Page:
Friday, November 05, 2010

The Democratic Debacle

The Republican Party picked up a swath of seats within the House of Representatives and several seats in the senate, although the Democrats retained their Senate dominance, riding a wave of enthusiasm among Republican supporters and taking advantage of the receding crest that is the demoralized and disgusted Democratic party’s progressive base and that is, speaking truthfully, the majority of American citizens.

The corporate press will no doubt spin elaborate and not so elaborate lies about how the Obama Democratic Party was for the most part dismissed in the midterms because the United States is actually a right leaning country and President Obama took the country too far to the left. Nothing could be more ridiculous.

The American citizenry holds social democratic positions on most issues. For example, an overwhelming majority of U.S. voters when polled have supported a universal healthcare system for decades[1] and viewed the lame, pro-corporate “healthcare reform” bill that did little more than mandate people to buy into the outrageously high-cost, dismally low-coverage, privatized, for-profit healthcare industry as a betrayal of trust and a selling out to precisely the same-old Wall Street friendly politics-as-usual apparatchiks that Obama’s campaign opportunistically and deceitfully ran against. The “financial reform” bill tells the same story, as does most of Obama’s policies, that is, when they are not significantly worse.[2]

Perhaps one of the single most painful losses is that of principled and independent liberal Russ Feingold in Wisconsin to Tea Party supported Republican businessman Ron Johnson. Feingold essentially lost by being associated with the status quo Democratic Party and the pro-corporate health care reform bill, an association so unfortunate it is difficult to formulate with concision.

Feingold was party to some of the best legislation and attempted legislation that has appeared in the last several decades. He struggled and achieved the Bipartisan Campaign Reform Act of 2002, along with pre-2004 John McCain, that took seven years to pass in opposition to the overwhelming might of corporate interests. Feingold was opposed to NAFTA and the spate of “free trade” agreements that serve as the foundation for the flood of jobs being outsourced to other countries. He was one of the sole principled opponents to the heinously illegal, anti-democratic, unconstitutional USA Patriot Act and, despite his support for President Obama’s healthcare bill, which he was repeatedly castigated for by Ron Johnson, he has long supported universal healthcare. In 2006 he authored the State-Based Health Care Reform Act that was to act as a “pilot program” for universal health care.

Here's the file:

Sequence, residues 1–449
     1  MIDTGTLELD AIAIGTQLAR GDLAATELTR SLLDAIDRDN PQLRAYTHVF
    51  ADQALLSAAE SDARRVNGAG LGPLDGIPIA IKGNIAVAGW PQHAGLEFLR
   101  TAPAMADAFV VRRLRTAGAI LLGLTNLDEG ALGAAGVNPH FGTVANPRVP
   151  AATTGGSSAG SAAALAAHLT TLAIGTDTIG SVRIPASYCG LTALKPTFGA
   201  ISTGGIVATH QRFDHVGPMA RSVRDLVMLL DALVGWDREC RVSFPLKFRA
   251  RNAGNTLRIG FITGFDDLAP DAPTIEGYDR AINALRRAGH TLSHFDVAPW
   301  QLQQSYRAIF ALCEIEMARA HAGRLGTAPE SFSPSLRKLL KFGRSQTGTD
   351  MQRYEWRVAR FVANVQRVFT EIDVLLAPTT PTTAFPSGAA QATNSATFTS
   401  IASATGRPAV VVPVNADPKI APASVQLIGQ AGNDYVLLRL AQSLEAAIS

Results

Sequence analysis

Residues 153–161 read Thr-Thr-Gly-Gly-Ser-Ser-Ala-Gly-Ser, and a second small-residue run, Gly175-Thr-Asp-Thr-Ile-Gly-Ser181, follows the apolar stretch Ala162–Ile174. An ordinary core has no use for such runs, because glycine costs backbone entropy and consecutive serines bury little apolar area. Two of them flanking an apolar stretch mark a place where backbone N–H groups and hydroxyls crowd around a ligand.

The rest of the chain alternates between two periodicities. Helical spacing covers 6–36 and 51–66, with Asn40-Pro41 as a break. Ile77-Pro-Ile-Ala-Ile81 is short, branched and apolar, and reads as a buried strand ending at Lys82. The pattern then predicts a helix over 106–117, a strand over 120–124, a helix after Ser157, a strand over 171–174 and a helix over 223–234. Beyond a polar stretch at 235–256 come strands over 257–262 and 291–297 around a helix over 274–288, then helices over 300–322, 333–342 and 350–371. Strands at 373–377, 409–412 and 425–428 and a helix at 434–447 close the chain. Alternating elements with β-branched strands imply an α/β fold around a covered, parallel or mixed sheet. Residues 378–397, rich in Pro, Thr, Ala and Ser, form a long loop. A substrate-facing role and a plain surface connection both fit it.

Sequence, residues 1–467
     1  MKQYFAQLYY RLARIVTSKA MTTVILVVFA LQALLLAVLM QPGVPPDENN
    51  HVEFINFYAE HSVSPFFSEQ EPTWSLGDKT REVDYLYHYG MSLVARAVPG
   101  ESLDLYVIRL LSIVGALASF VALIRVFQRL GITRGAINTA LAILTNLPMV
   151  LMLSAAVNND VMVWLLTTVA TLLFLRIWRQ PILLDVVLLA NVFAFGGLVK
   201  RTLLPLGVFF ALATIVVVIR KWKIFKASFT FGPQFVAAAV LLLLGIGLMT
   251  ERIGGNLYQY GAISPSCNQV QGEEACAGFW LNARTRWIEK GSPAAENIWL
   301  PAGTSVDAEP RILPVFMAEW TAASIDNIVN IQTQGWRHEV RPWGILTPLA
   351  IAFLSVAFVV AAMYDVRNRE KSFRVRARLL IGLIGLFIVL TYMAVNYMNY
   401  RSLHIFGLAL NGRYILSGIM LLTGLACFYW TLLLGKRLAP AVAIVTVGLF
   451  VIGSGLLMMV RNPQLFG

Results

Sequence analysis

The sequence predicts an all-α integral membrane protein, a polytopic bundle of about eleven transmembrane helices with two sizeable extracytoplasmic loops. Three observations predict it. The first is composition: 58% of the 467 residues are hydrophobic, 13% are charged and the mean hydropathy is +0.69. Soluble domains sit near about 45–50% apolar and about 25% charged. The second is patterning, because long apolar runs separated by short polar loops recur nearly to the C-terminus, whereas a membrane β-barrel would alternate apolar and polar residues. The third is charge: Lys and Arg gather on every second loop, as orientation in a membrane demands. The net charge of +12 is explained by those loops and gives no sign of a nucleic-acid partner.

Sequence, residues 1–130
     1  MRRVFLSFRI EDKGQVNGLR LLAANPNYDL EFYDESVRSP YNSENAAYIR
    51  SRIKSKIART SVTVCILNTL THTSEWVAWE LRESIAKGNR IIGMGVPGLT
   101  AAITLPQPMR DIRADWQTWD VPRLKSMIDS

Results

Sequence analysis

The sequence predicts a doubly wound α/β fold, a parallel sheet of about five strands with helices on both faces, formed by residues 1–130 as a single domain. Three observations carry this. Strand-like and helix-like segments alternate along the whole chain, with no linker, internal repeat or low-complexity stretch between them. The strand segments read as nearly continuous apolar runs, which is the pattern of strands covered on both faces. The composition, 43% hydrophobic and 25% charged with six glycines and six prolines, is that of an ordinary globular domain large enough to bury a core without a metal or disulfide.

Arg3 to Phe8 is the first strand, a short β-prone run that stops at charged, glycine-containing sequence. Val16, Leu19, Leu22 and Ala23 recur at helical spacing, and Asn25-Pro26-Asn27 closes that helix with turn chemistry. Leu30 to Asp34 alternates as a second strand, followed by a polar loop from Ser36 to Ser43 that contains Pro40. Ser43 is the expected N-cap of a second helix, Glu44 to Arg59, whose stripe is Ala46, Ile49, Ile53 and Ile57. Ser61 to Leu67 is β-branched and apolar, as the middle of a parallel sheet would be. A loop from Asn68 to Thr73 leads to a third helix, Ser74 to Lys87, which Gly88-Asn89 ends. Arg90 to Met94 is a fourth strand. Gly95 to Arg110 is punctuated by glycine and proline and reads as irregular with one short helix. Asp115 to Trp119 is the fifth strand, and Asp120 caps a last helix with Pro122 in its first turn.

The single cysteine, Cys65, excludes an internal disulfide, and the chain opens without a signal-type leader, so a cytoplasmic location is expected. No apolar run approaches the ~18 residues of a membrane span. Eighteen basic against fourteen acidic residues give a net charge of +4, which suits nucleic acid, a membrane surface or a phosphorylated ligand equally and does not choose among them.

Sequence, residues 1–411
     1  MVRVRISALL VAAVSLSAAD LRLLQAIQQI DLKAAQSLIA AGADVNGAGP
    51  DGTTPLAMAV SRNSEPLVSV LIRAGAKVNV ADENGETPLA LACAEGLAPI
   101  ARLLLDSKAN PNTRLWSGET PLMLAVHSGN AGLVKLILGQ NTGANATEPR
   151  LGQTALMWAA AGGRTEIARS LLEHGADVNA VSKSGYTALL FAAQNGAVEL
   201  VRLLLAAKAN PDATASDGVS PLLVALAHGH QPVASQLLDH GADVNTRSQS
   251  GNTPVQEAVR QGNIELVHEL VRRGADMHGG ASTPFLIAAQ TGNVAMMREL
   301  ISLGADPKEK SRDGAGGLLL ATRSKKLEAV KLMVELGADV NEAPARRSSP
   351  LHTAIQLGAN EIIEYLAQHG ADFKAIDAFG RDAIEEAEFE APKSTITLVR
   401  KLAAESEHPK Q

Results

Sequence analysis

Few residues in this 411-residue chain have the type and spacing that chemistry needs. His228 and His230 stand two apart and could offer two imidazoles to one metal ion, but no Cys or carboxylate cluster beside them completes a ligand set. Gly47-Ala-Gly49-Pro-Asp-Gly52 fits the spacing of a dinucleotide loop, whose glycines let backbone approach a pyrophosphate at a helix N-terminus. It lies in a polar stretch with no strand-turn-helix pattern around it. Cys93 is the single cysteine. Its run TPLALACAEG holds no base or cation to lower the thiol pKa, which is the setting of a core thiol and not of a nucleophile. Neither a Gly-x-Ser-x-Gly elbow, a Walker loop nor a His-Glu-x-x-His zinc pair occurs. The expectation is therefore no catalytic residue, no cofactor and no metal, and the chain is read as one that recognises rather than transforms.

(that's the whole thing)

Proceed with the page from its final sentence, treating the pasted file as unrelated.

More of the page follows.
Katharine Seelye quotes Ken Goldstein, a University of Wisconsin at Madison political scientist, for the New York Times observing that “Independents deserted Democrats, period. This was not about Feingold’s record or the money or the advertising. It was about the anger of independents at the status quo.” Seelye observes that “the loss came…despite Mr. Feingold’s record of one maverick vote after another” and despite his independence and principled opposition to the status quo.

This is a distilled expression of John Judis’ observation that while “Obama deserved to lose…the country doesn’t deserve the consequences.” Nothing could illustrate this better than the situation in Wisconsin where one of the rare and unique liberal independents led by principle alone in opposition to moneyed, corporate interests was thrown overboard in favor of a Tea Party supported Republican businessman (sure to be as status quo and reactionary as anyone). The consequences of this alone are already quite unfortunate (although it is not too soon to predict a successful Feingold campaign in 2012).